Is formed of symbols. Is not all His zvorld

And all His word one speaking parable,

Speaking to sense of tlmigs invisible ?

All things tvith Him are double, each event

Doth throiu its shadow forioard ; all His word

Is a full store of countless images,

Who knows them best is most Divinely wise.

B. — Those figures are of God, but yours of man.

Yet grant such is God's teaching ; still, methinks,
Should we enshrine these forms uncouth and strange
In spiritual temples of the inner mind,
We should do wrong to pure immortal Truth,
Blending it with such semblance mean and poor.

A. — All earthly things are poor to speak Divine :
For what are types that set forth things of God,
Moses to Jesus, or the Ark to Heaven ?
What is the ruin which on Sodom raitis.
Or armies compassing lost Sioiis ivalls,



PREFA TOR Y TIIO UGHTS.

To that great dooms-day ivhich theij liarhinger ?

Poor shadows all of dread reality.

Language suggests, the feeding eye receives,

And healthful minds convert to aliment,

Tli unhealthy turn to bane : hence sickly souls,

And those replenished with immortal bloom.

A graver question haunts me —

B. — Should a child

Drink in these lessons with a greedy eye,
And in the dreadful stillness of dead night
Cry out, — of fearful forms and eyes uncouth
That fright his slumbers : —

A. — You have truly toucKd

But clothed in fairer utterance the thought
That moves me ; — better far that Oceans depths
Should overwhelm our pictured themes, than ive
Offend Christ's little ones : yet much I doubt ,
If objects that affright the tender mind
Make it to fall, nay sometimes cause to stand,
And nothing here 1 trust may find a shape
That so should terrify ; — for I prefer
Judgments of Childhood to the worldly ivise
As less by bias sway'd.

B.— Well, if so be

The test is easy, here Mercutio comes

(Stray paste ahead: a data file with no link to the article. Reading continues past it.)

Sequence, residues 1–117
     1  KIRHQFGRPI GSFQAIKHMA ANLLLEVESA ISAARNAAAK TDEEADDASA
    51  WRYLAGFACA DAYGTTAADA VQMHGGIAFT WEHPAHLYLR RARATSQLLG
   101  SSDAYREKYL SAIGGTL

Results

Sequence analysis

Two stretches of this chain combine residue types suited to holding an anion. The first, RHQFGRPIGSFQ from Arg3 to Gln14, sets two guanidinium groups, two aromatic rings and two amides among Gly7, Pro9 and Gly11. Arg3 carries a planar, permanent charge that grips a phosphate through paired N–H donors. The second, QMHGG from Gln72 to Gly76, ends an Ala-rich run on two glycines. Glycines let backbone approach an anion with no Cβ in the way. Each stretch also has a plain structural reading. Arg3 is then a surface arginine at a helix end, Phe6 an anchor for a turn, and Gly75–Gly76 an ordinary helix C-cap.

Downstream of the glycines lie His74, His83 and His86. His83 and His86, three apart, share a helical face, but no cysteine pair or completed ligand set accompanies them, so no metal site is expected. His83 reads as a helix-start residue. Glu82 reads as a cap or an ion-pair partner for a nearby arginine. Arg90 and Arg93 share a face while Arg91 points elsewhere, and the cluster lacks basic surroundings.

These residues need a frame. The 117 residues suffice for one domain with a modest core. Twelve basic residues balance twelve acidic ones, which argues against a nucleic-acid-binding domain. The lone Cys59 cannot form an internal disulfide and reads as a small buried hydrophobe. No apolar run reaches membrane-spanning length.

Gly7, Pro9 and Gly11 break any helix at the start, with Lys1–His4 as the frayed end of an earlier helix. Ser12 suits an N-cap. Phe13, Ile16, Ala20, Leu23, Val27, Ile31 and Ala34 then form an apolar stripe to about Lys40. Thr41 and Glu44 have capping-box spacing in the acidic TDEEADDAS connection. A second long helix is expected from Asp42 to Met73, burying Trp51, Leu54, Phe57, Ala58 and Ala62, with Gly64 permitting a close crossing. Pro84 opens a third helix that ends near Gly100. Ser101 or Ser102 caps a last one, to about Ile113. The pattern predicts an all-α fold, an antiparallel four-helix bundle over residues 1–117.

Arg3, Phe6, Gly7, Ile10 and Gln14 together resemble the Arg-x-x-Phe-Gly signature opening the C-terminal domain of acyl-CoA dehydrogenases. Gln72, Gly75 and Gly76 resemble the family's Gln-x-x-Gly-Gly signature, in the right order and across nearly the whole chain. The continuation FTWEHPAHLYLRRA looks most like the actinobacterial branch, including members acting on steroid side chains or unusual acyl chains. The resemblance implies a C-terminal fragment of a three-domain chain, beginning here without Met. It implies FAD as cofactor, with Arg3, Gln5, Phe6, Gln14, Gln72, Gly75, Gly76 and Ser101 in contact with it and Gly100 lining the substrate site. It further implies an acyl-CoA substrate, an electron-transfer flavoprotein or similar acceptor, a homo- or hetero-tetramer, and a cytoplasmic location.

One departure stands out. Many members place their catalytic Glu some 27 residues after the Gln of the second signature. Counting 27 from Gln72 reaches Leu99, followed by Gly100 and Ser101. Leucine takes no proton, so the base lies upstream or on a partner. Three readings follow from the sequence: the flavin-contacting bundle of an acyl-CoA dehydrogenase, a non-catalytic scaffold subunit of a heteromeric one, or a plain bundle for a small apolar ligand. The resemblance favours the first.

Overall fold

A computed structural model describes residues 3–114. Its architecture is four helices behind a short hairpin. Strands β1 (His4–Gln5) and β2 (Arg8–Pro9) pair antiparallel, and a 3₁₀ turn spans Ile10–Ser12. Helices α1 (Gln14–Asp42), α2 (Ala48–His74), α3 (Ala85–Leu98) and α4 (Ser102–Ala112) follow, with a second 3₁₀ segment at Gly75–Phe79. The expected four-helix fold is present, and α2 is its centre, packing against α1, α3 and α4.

Along thi embowering walk, where evening shades
Fall, and the purple clouds are trooping by.

A. — Him tvould I make my judge.

a



xviti PREFATORY THOUGHTS.

B. — You have in him

Both judge and advocate ; — -for all these things

Partake of those ivild tales lohich Childhood loves,

Of haunted castles and enchanted lore.

Who has not conned, and icith Aladdin^s law.p

Wander'' d through tales of Araby, and scenes

Of watery realms conceal d beneath the sea,

Beauteously terrible; or Spense/s world

Of sword and spear ethereal 9 These methinhs

Touch Childhood as akin to the unseen.

The iiifinite and wild that speak of Heaven, —

The image hid in chambers of the heart

Which pants for the ideal, in a soul

Fresh from the hands of God : but here he comes.

A. — Mercutio, you and I these pictured scenes

Have often traced together, and have touclid
On deep grave themes, until we passd to thoughts
That left us musing and in better tvorlds,
With such a wimmig interest that seemd
To set your sports behind, and for aivhile
Left you more thoughtful : — think you this design
Is such as would affright you, or create
Visions of fear ? have ever such remained
Sleeping or sleepless hanging on your thoughts,
And our discourse appear d to rise iii dreams
Making night terrible ? See this dread scene
The Day of final doom.

M — . / think that these

Might issue from the limners hand, so wrought



PREFJ TOR Y THO UGll TS.



As not to terrify : no more than sights

In Gothic aisles and old Cathedrals dim.

Which sickness might invest ivith her own hues

Of terror, — no more than at dead of night

When Contemplation summons uj) the theme

Of the great Judgment. Words of Holy Writ, —

Of the undying tvorm and place of fire —

Will oft stand forth with poiver unknown before,

When night and darkness bring the unseen near.

A. — How fraught icitli grave instruction is this scene !
How eloquent! how full of warning thought '^ !
Look here, this is the great ArchangeVs trump
llliich Scripture speaks of ,• and observe that here
The ce7itre and circumference is this.
That all hearts shall be opend ; — and this mark,
'Tis made throughout to hang on this alone.
Whether ive have loved God, or have loved self :
These are the mirrors ivherein souls are seen,
These are the books ; on this the scale depends ;
This is announced to the Eternal years :
See, Virtue looks alone upon this love.
And these 7ioiv pass unharmed into the Sun
Of Glory : here note the designers skill
To mark the King and Queen tvhen crownless now,-
They issue from deep-rended monuments.
Which bear the stamp of ancient Royalties.

M. — And are they blessed ? we would have them so,
Kings have been Martyrs.

'^ See Judgment scene, Image XXII.



XX PREFATORY THOUGHTS.

A. — It tvould seem that these

Arise too late, the blessed noiv are gone,
" The dead in Christ rise first." The painter means
Christ's kingdom is the poors'. And here is one
Tom from the blessed, and who bids his friends
A long farewell ! But let us dwell no more